After you select Remarketing audiences, click “Target and bid”.

What’s so cool about this option? Well, since they have already been to your page, you know:

  1. That they know who you are
  2. That they know, to some degree, what you offer
  3. How interested that visitor was based on certain audience builds (e.g. session duration > 30 sec)

So what does this mean for my Target and Bid campaign? It means I’m more free to bid on broad, less relevant keywords that I typically would not advertise for. Because of the three reasons above, I can at least test the waters a bit.

Here’s an example.

I had a client that was all about algorithmic investing, which is a niche within the day trade investing market.

Most of my keywords were centered around the specific niche combined with trading like: “algorithmic trading” or “day trading.” But in my Target and Bid campaign, since I know they have been to my page, I’m willing to go after keywords like “trading”, “invest”, and “algorithm”.

In a typical campaign, these words would bring in 95% junk by themselves. But in this case, they may bring back interested customers.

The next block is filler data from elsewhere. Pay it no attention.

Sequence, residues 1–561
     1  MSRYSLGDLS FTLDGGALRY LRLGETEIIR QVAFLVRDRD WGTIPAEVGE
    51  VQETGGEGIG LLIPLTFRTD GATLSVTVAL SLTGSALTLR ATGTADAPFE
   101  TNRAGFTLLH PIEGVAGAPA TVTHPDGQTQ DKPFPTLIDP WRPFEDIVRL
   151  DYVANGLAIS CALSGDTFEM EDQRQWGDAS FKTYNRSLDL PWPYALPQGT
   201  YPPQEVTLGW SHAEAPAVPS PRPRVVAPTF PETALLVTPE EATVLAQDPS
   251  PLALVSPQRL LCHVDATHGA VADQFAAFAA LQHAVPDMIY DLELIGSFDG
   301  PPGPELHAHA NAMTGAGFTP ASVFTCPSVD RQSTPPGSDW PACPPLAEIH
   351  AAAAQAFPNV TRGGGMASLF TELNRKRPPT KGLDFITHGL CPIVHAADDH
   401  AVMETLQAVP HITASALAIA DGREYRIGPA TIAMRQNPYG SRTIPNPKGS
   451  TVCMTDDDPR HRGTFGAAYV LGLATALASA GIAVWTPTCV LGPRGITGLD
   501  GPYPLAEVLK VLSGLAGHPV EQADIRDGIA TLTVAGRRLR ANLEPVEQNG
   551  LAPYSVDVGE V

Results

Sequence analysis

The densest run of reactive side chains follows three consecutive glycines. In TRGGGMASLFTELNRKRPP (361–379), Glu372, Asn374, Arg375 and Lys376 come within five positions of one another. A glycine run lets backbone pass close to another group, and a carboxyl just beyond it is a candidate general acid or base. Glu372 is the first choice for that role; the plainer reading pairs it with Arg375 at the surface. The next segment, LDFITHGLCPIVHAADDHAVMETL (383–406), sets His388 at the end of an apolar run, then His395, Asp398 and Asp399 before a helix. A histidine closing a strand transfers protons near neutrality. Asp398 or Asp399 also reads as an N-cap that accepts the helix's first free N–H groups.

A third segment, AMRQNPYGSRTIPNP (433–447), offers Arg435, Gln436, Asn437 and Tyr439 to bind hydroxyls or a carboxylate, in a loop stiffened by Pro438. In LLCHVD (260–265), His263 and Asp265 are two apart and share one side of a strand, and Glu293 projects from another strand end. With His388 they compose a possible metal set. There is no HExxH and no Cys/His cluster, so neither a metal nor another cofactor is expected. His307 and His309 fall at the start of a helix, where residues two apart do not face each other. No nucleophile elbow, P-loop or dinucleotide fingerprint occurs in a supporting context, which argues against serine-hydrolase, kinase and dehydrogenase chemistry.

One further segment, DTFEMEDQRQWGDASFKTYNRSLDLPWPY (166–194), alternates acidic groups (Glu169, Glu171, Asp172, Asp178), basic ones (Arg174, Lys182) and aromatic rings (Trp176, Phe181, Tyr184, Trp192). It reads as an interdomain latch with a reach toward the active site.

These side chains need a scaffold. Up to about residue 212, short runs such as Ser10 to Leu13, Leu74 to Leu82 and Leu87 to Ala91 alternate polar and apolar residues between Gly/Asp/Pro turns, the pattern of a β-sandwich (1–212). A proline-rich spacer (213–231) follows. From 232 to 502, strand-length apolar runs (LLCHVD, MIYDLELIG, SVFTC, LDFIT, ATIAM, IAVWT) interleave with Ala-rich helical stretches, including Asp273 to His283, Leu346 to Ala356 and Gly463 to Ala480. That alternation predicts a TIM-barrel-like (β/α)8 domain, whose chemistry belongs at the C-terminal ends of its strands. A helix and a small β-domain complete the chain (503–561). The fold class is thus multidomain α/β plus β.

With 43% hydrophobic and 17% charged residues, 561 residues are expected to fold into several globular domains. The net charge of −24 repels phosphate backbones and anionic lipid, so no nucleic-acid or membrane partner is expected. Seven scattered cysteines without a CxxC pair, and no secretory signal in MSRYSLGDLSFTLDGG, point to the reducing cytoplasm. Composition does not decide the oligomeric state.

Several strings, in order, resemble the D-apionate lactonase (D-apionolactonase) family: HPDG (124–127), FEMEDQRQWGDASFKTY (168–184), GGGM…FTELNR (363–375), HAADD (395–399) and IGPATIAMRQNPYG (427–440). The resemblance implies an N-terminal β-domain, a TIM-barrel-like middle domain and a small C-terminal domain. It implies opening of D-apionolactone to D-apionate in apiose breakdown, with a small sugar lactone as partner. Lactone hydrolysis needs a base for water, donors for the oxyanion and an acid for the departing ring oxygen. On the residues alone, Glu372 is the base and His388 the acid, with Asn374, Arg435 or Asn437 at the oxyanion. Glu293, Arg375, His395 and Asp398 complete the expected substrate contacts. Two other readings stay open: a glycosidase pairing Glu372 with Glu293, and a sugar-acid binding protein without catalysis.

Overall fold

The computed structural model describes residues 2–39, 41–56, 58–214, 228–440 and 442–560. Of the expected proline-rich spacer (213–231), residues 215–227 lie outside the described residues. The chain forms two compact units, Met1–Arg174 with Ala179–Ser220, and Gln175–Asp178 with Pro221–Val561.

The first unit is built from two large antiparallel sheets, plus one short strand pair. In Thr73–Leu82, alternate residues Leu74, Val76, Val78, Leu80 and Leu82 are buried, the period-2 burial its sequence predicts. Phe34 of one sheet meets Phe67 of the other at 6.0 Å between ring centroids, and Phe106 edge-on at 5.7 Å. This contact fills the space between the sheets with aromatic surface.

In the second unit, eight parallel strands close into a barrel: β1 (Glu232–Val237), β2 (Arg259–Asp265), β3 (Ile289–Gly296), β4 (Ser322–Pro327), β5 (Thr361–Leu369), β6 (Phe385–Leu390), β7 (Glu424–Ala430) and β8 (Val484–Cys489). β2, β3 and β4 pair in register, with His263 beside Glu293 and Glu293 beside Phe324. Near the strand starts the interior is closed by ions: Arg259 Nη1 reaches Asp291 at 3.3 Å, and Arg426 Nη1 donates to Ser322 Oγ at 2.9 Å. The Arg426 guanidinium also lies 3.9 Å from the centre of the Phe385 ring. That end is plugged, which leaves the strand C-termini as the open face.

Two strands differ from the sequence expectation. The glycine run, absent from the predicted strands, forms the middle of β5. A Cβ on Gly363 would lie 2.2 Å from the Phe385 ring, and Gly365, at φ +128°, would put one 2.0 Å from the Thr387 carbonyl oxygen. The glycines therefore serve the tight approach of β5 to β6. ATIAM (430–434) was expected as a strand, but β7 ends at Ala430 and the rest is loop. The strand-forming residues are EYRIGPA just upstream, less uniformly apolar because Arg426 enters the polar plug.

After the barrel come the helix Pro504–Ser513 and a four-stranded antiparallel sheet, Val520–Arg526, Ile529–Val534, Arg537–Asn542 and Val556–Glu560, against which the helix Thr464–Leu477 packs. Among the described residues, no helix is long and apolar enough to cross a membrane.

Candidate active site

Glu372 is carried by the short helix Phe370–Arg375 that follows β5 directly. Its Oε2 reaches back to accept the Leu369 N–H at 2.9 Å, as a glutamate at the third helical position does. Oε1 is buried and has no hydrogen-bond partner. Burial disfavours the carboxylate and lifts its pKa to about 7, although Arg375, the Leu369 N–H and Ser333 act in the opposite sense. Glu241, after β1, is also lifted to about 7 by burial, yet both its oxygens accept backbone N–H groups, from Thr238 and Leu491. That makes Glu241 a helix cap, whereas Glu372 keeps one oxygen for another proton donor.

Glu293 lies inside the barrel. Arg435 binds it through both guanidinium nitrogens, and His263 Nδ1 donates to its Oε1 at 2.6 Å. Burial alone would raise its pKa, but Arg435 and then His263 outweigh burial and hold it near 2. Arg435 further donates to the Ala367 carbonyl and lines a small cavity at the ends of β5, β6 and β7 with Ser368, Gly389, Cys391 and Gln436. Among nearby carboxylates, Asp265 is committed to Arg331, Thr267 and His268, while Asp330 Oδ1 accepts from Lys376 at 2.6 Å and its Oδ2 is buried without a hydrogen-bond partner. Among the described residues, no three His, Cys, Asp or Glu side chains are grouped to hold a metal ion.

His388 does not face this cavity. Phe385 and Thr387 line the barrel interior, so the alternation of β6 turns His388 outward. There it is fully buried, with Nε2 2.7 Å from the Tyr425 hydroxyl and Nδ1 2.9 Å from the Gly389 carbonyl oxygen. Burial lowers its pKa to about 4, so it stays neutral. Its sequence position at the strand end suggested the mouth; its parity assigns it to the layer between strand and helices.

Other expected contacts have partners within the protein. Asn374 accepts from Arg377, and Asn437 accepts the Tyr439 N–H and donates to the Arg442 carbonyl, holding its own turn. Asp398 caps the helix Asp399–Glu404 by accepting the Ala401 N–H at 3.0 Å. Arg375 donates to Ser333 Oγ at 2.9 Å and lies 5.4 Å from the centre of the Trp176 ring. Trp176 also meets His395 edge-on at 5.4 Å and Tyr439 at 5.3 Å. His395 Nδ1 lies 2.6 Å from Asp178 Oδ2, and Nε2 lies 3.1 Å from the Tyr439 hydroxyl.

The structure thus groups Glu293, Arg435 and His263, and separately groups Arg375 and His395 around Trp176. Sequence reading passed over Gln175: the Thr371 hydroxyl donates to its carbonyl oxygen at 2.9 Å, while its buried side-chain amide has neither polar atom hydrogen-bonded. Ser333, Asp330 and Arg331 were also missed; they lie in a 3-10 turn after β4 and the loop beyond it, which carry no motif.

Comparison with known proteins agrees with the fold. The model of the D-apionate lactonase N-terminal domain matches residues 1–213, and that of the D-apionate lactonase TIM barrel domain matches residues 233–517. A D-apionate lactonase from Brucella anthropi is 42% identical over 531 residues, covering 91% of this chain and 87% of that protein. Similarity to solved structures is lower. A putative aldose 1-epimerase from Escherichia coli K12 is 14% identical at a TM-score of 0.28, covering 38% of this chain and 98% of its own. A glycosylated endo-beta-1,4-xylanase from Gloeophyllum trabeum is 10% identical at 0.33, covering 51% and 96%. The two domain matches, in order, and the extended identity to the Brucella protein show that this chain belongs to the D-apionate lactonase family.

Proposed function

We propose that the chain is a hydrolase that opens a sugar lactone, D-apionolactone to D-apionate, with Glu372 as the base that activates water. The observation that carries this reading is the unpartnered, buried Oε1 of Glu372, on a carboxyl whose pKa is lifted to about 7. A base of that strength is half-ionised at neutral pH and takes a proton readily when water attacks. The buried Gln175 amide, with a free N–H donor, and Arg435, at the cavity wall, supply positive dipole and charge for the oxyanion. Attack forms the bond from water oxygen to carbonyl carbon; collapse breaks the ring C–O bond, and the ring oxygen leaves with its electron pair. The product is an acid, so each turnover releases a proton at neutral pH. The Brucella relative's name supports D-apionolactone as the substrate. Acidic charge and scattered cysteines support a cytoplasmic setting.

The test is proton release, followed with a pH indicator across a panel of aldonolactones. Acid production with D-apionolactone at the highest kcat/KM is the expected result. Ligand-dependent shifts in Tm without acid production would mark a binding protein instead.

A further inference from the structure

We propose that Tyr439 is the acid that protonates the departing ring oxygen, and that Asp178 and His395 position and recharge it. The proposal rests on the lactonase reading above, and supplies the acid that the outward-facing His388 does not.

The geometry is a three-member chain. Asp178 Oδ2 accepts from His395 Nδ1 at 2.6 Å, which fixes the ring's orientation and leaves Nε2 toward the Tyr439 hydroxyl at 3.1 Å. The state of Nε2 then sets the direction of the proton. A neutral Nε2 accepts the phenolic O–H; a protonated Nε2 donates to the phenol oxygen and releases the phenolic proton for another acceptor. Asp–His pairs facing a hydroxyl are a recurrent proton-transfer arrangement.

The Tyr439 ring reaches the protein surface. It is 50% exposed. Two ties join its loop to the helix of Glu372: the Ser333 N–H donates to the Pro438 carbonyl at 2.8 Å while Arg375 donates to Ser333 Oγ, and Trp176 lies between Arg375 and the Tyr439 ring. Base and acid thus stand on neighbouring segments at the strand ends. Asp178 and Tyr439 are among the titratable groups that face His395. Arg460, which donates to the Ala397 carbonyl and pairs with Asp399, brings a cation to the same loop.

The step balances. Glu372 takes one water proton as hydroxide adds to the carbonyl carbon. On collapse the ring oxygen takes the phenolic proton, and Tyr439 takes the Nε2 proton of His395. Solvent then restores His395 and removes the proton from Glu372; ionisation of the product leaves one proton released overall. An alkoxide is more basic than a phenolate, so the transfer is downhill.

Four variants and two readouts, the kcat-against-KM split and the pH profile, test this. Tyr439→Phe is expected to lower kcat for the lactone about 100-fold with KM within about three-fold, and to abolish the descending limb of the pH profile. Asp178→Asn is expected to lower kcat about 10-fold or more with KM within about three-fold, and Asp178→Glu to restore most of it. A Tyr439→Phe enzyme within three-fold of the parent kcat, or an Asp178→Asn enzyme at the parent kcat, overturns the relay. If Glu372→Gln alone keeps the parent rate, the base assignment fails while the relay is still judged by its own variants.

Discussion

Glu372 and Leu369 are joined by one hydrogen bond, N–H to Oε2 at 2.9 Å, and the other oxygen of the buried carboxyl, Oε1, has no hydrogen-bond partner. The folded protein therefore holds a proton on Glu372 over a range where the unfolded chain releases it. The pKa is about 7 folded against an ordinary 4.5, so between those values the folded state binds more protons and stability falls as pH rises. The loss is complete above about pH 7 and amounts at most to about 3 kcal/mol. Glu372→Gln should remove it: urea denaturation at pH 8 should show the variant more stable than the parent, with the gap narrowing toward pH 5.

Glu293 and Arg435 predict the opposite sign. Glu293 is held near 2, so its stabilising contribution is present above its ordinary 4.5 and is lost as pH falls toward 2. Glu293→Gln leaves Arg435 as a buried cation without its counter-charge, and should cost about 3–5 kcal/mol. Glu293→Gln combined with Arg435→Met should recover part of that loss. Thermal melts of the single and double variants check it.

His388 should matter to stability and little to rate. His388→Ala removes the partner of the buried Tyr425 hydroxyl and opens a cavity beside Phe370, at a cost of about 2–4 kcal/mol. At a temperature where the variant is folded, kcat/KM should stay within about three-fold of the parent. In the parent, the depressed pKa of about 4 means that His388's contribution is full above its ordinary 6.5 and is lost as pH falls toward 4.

Day 4 — Thursday

On Thursday morning, I started with a client call to review lead quality.

Now that I’ve worked in PPC management for a while, I’ve learned that Google Ads conversions mean nothing to clients if they’re not seeing a relative increase in sales. In other words, your metrics are all for show until you connect them with your clients’ data to corroborate lead quality.

If you’re not tracking keyword performance for your clients, my suggestion would be to immediately stop what you’re doing and add UTM parameters to your account. How do you do this?

Adding UTM Parameters For Keyword Performance Tracking

The simplest way is to add UTMs to your URL options on the relevant page in Google Ads. See below:

Click on “Shared Library” and then “URL options”.

Click on “Shared Library” and then “URL options”.

Enter your UTMs and click “Yes” for Auto-tagging to add these parameters to every ad.

The issue with this method is that the UTMs are static, so you cannot track on the keyword level. For that reason, we use hidden fields on our landing pages and use GA tracking parameters to dynamically insert important fields from our AdWords campaign into our Unbounce pages.

Here are the parameters we use:

  • GA_network={network}
  • GA_device={device}
  • GA_campaign={campaignid}
  • GA_adgroup={adgroupid}
  • GA_target={target}
  • GA_placement={placement}
  • GA_creative={creative}
  • GA_extension={feeditemid}
  • GA_keyword={keyword}
  • GA_loc_physical_ms={loc_physical_ms}